I created a "DerbyData" directory to hold all my databases. Setting the
derby.system.homeproperty is a little bit of a problem, but I found a solution that works fine; Tomcat 5 and 6 include a "Monitor" program that you can run, at least on Windows. You can use this to set up the system properties (run the monitor, right-click on the system tray icon that appears, then open the 'Configure' option and click the 'Java' tab). Add
-Dderby.system.home=your-database-directoryto the system properties and click OK. Tomcat doesn't need to be running to do this.
Start Tomcat (if it's already running you should probably shut it down and restart). Start your browser, find the Tomcat Manager page and log in.
Deploy the Derby WAR file in the usual way. You'll find the WAR file (
derby.war) in Derby's
You should now be able to hit the Derby service in your browser - it'll be at
/derby/derbynet. This starts the database running, and if everything's ok you'll see a status page.
Modifying Derby's web.xml
We're not quite done yet. With the default installation you have to hit the Derby URL as above to start the database running every time you restart Tomcat. What's happening is that the database is started by the servlet's
init()method, and that isn't happening until Tomcat gets a request. This probably isn't what you want, especially if you're planning to create other web applications that use the service. You probably want the thing to come up on its own.
You'll find Derby's web.xml file under your Tomcat installation at
WebApps/derby/WEB-INF/web.xml. Open the file in a text editor and add the following tag inside the
This will cause Tomcat to call the servlet's initialization during startup instead of waiting for a request.
Save your text change and restart Tomcat.
After restarting Tomcat you should see a 'derby.log' file appear in your database directory. It may take a few seconds for this to happen, so give it time - if it hasn't shown up after, say, a minute, you may want to check your Tomcat logs to see if anything bad happened. Also, check your Tomcat directory to make sure the log file didn't show up there - if it did, it means that the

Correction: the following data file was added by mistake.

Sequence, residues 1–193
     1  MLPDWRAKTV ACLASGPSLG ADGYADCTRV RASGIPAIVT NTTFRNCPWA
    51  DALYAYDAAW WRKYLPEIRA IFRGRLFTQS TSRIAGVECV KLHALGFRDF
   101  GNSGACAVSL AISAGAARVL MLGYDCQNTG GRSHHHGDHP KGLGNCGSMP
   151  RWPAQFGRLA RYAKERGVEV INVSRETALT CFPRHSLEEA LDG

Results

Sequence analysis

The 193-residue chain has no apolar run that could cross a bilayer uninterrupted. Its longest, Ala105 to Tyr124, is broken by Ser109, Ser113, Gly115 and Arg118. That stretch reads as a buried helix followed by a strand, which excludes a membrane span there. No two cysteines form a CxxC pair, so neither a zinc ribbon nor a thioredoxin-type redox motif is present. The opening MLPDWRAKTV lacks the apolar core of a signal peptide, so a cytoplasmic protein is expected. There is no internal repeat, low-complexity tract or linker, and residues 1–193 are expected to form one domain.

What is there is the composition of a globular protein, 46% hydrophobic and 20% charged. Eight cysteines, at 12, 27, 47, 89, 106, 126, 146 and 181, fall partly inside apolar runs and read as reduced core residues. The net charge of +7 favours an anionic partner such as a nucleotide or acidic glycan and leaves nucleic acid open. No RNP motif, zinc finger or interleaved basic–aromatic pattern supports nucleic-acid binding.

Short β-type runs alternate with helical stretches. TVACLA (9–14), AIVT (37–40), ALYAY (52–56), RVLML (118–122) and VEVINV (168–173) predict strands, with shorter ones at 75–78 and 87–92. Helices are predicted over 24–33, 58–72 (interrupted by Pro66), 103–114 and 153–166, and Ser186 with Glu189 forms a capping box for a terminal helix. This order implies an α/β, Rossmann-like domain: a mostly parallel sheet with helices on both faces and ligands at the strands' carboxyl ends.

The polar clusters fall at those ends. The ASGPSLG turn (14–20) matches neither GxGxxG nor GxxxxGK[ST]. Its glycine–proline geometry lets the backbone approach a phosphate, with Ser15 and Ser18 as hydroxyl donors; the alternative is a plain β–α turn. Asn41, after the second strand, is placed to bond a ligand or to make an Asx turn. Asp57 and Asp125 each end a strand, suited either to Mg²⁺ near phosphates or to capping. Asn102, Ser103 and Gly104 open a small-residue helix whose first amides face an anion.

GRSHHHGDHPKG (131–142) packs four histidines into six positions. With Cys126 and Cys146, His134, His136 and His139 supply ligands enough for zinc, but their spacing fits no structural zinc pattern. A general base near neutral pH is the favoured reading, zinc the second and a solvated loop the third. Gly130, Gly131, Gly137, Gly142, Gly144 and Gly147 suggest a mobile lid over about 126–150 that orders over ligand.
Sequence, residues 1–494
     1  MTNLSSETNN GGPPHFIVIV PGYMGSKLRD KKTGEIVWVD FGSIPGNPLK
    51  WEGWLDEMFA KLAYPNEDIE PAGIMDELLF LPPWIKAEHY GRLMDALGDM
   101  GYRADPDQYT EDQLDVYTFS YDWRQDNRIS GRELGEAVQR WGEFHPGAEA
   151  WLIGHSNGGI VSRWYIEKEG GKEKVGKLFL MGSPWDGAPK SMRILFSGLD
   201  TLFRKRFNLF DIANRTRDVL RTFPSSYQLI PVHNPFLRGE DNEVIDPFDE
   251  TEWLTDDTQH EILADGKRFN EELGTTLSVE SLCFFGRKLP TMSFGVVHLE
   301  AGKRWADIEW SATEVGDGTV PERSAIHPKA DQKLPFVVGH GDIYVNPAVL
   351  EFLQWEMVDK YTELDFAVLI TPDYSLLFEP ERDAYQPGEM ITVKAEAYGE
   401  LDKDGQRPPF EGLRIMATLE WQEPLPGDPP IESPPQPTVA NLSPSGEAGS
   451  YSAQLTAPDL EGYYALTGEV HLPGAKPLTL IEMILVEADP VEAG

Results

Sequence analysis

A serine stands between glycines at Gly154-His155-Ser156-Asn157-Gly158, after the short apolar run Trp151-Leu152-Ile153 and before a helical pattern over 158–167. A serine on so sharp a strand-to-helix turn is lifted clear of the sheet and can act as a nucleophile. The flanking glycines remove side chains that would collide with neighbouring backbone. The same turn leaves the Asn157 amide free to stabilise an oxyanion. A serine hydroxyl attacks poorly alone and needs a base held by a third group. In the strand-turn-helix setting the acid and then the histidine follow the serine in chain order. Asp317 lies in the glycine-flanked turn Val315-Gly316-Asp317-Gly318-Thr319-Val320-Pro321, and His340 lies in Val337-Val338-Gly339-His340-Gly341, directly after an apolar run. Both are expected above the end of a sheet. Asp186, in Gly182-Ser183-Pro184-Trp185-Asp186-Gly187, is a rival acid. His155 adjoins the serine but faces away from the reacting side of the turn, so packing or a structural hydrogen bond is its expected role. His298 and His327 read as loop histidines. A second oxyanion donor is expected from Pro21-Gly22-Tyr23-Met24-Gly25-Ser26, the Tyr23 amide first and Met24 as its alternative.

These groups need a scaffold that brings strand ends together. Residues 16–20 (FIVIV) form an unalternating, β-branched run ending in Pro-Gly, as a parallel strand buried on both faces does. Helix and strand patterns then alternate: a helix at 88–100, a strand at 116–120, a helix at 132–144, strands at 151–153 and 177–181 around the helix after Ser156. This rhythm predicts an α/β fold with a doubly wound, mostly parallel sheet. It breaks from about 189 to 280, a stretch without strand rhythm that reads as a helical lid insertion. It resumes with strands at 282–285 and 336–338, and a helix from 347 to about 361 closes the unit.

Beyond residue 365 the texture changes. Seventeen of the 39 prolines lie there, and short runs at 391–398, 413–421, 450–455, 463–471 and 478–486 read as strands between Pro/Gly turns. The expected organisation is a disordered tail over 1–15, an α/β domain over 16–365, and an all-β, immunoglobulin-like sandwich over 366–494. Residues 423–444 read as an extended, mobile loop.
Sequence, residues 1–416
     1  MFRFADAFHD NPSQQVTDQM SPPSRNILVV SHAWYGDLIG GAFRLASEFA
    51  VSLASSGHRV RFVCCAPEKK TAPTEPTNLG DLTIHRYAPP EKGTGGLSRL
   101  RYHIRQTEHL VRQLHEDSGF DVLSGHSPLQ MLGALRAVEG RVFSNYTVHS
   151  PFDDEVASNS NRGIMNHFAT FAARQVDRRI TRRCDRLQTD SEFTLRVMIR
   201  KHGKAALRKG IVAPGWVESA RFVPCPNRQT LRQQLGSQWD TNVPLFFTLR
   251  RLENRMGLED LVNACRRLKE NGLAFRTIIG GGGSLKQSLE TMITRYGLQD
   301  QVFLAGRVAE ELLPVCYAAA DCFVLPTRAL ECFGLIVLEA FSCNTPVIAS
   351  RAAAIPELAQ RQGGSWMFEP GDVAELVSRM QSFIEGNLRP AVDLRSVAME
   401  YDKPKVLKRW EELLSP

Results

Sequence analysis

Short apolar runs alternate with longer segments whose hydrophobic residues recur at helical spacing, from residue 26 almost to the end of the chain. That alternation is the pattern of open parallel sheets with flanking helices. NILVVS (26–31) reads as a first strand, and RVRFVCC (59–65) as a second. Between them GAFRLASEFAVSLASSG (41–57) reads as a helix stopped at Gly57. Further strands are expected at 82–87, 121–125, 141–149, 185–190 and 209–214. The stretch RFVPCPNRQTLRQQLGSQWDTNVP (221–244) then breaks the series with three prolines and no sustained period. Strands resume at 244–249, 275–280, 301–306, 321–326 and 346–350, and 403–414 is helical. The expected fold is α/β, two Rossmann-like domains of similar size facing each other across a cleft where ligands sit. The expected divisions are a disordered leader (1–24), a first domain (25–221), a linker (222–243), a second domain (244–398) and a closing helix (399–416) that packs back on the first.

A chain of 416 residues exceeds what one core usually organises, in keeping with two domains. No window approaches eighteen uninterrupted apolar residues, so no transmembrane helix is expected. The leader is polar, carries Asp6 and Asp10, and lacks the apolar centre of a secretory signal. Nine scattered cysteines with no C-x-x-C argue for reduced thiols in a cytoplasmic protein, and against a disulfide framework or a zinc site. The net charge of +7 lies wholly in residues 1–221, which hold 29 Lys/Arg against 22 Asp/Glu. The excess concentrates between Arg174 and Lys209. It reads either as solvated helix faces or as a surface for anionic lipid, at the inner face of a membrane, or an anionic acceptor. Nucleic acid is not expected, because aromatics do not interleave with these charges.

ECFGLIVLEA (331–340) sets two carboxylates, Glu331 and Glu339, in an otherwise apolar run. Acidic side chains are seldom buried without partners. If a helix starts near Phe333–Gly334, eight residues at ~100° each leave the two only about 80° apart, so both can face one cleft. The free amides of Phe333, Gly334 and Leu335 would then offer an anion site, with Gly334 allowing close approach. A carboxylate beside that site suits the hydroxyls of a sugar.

derby.system.homesetting hasn't taken for some reason, in which case you should go back and check for misspellings, etc.
If the log file appears in the right place, that probably means everything's ok so far. You can test the installation using Derby's
ijcommand-line tool. Open a command window and do this (this assumes that you set the PATH environment as suggested earlier):
ij version 10.3
> connect 'jdbc:derby://localhost/testdata;create=true';
This tells ij to open a connection to the database named 'testdata', creating it if it doesn't exist (which it shouldn't, at this point).
Now check your database directory - there should be a subdirectory called 'testdata' if all went well. You can delete it manually, although I'd recommend shutting Derby down first - either shut down Tomcat or hit the Derby URL as above and click the Stop button.
Congratulations! You now have a database server that will be available whenever Tomcat is running.